A study commissioned by Robert Half Technology, an IT staffing company, found that 54 per cent of US companies say they've banned workers from using social networking sites like Twitter, Facebook, LinkedIn and MySpace, at work. The study, released today, also found that 19 per cent of companies allow social networking use only for business purposes, while 16 per cent allow limited personal use.
Only 10 per cent of the 1,400 CIOs interviewed said that their companies allow employees full access to social networks during work hours.
"Using social networking sites may divert employees' attention away from more pressing priorities, so it's understandable that some companies limit access," said Dave Willmer, executive director of Robert Half Technology. "For some professions, however, these sites can be leveraged as effective business tools, which may be why about one in five companies allows their use for work-related purposes."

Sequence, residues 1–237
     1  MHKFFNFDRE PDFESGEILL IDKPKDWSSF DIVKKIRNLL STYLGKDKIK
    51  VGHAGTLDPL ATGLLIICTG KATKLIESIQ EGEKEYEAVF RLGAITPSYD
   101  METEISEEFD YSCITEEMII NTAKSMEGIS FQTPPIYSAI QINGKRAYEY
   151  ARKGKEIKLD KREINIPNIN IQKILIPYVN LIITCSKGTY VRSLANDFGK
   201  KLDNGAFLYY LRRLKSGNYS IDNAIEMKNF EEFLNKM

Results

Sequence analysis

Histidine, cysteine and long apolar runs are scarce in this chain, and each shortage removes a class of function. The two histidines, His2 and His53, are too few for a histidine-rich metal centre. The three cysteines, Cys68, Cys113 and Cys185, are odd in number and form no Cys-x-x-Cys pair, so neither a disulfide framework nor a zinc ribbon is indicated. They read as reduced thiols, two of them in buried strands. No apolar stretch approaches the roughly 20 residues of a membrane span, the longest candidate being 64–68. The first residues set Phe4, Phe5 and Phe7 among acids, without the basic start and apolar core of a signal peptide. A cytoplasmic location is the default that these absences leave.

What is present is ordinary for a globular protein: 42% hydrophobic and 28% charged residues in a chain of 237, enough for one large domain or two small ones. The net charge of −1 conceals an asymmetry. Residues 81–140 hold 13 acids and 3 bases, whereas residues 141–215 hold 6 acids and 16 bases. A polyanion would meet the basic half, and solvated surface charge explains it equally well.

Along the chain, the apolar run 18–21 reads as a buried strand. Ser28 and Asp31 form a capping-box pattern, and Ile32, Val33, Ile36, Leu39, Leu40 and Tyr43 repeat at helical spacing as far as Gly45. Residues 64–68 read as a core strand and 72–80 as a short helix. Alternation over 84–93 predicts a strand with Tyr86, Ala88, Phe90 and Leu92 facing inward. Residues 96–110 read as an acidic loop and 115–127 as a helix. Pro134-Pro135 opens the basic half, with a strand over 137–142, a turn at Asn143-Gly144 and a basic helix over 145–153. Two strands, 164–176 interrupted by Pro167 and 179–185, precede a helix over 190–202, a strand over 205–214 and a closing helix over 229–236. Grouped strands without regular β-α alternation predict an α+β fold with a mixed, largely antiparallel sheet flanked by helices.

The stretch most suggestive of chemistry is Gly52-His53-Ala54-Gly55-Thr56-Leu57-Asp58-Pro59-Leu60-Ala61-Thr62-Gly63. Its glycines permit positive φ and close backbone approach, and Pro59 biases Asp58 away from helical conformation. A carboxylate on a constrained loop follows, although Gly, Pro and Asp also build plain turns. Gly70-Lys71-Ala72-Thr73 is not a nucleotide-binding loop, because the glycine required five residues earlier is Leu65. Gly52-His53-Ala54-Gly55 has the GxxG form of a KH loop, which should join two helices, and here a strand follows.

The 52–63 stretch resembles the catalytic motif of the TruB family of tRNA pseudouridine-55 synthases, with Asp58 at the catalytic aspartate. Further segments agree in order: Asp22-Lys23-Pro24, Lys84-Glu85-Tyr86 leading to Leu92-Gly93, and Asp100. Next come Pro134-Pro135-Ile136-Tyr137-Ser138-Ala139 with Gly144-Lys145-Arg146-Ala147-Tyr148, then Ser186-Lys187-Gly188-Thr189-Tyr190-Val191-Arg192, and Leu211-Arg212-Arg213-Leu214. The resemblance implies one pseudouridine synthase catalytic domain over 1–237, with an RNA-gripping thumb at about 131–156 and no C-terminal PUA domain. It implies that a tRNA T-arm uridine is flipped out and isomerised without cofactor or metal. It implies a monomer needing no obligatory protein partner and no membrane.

A study released last summer concluded that social networking use can hurt the bottom line.
Nucleus Research, an IT research company, reported in July that companies that allow employee productivity drops 1.5 per cent in companies that allow full access Facebook in the workplace. That survey of 237 corporate employees also showed that 77 per cent of workers who have a Facebook account use it during work hours.
Nucleus said the survey found that "some" employees use the social networking site as much as two hours a day at work. It did not say how many workers fit into that category, but did note that one in 33 workers surveyed use Facebook only while at work. And of those using Facebook at work, 87 per cent said they had no clear business reason for accessing the network.
Last week a survey by the Economist Intelligence Unit found that rejection of these technologies is futile as 3G phones and home computing mean your workforce have access to this technology easily.